If there’s ever a place to test your relationship with gravity, it’s here — Northern New Mexico, land of high mountains and spiky cactus and sage brush mesas and October snowstorms. Northern New Mexico is kind of like Colorado’s forgotten cousin, the one who constantly gets bull-dozed during the holiday dinner conversations because he’s just a little bit awkward, but who then grows up to be way cooler than Colorado, probably because he never thought he was cool in the first place so it never went to his head.
Earlier this year, I found myself in Angel Fire, New Mexico, trying to get back on speaking terms with gravity. Gravity and I, we used to get along fine, back when I was small and unaware of the danger lurking in steep precipices. Then, somewhere along the line, as some relationships are wont to do, it just fell apart. It’s not you, gravity, it’s me. With almost no warning at all, I developed a crippling fear of heights. So, bungee jumping was out. Way out. Sky-diving? No way. Rock-climbing? Ha, you must be kidding puhhhhlease.
Downhill mountain biking? Okay, maybe.
I’ve been riding and racing cross-country mountain bikes since age 14, but last year I transitioned to racing enduro downhill. For the uninitiated, cross-country mountain biking involves racing up and down the hills and one can usually keep both wheels on the ground for the duration of a race. Enduro downhill is usually six to seven downhill stages (timed segments) over the course of the weekend. Or, to really simplify it, the fastest rider down the mountain wins.
And if you want to be the fastest, sometimes you have to take flight.
So, in other words, if you’re me, you have to patch up your dodgy relationship with gravity. Enter Angel Fire Bike Park, premier mountain bike park in the Southwest, home of snow-capped mountains and miles upon miles of ski lift access trails. So, all downhill, all day. (And if you’re less gravity-impaired than me, you can ride the zipline down the mountain, too, at a heart-attack inducing pace of 40mph.)
At Angel Fire, I scared myself every day, intentionally, deliberately and methodically. It wasn’t easy. In fact, it was frustrating. Mountain biking is a difficult sport, even for people who have some iota of natural coordination, which I do not. I’m the girl who walks into walls, who has never been able to do a cartwheel, who struggles to operate can-openers, and who did not figure out how to touch her toes until the ripe age of 22. So the fact that I can ride a bike down a mountain at all, much less quickly, is a minor miracle. It is also, however, a testament to the fact that anything can be learned following the old recipe of practice, fail, rinse, repeat, and eventually succeed.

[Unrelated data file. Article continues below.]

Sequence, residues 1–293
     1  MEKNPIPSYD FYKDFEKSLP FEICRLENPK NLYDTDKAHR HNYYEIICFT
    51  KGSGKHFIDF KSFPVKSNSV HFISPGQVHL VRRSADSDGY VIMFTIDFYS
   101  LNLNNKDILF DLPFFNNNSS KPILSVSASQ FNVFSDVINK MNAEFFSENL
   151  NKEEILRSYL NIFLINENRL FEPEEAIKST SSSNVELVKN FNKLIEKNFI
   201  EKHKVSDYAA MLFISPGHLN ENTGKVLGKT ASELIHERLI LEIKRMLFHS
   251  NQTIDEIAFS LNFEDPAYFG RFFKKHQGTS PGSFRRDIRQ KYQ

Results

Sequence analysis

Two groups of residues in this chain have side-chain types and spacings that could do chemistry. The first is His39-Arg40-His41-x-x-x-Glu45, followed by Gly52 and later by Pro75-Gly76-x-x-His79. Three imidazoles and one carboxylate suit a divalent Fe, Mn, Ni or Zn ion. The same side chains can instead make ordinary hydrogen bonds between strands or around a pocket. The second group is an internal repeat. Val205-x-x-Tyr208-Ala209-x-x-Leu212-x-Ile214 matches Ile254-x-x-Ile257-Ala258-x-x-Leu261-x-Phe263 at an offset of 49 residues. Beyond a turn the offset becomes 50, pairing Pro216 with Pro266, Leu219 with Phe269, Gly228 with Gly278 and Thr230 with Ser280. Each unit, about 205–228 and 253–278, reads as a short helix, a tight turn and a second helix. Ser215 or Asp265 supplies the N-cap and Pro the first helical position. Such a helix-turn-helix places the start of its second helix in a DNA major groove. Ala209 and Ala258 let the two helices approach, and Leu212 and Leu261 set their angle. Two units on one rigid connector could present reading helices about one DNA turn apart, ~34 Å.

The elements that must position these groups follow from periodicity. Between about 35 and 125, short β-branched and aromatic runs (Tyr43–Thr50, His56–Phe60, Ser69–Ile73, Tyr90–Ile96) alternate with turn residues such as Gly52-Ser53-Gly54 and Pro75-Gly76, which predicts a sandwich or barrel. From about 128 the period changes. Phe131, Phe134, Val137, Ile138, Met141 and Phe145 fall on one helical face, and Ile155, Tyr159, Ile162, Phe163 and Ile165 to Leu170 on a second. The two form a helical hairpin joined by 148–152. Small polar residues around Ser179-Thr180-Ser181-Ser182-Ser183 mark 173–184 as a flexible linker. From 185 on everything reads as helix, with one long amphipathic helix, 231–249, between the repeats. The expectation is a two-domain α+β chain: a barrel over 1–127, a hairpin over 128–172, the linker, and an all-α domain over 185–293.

With the two weeks I spent at Angel Fire Bike Park, I learned to hit drops that would have left me quivering and crawling down the mountain just one year ago. My bike and I? We actually left the ground. And then we found it again, with relative ease, and nobody got hurt in the process. It was pretty amazing. I hit table top jumps and sometimes even landed in the right spot. It might sound crazy, but I taught myself to use gravity (and speed) to fly and it wasn’t even terrifying. While bungee jumping is still definitely not on the schedule anytime soon, gravity and I have come to a stable agreement. We’re talking again. Jumping a mountain bike isn’t like jumping out of a plane — it’s a controlled and somewhat miraculous feat of physics. It is beautiful. It’s even, dare I say it, really frikkin fun.
The most important thing I learned at Angel Fire, however, had nothing to do with bikes and everything to do with possibility. I found myself riding trails that, two years ago, I had looked at and thought to myself “I will never ride that.” I didn’t think it in a disparaging way, rather a practical, realistic way. But today, these trails aren’t even scary to me. I still see jumps and rock features that I know I don’t have the skills to ride, but I try not to think “never.”
Yes, there are probably things I will never do (become an accountant, for example, or tight-rope walk between skyscrapers), but I force myself to acknowledge that if I never do these things, it will NOT be because I am not capable, but rather because I do not want to or because I’m busy doing other things. Acknowledging that “never” is a choice, opens a world of possibilities. Whatever I set my mind too — be it traveling the world, or writing a book, or nailing that scary mountain bike trail — I can, and I will.
And bungee jumping? Well, you never know.
Practical Information: In case you think the author is insane, don’t worry, Angel Fire also has some of the best beginner trails in the country and no airtime is required. They offer rental bikes and protection and lessons from expert mountain bikers. For more info on package deals and prices, visit their website. And in case you, yourself, are insane, check out the Angel Fire Zipline Adventure Tours.
What about you? How often do you do something that scares you? Are there things that you feel you might “never” be able to do?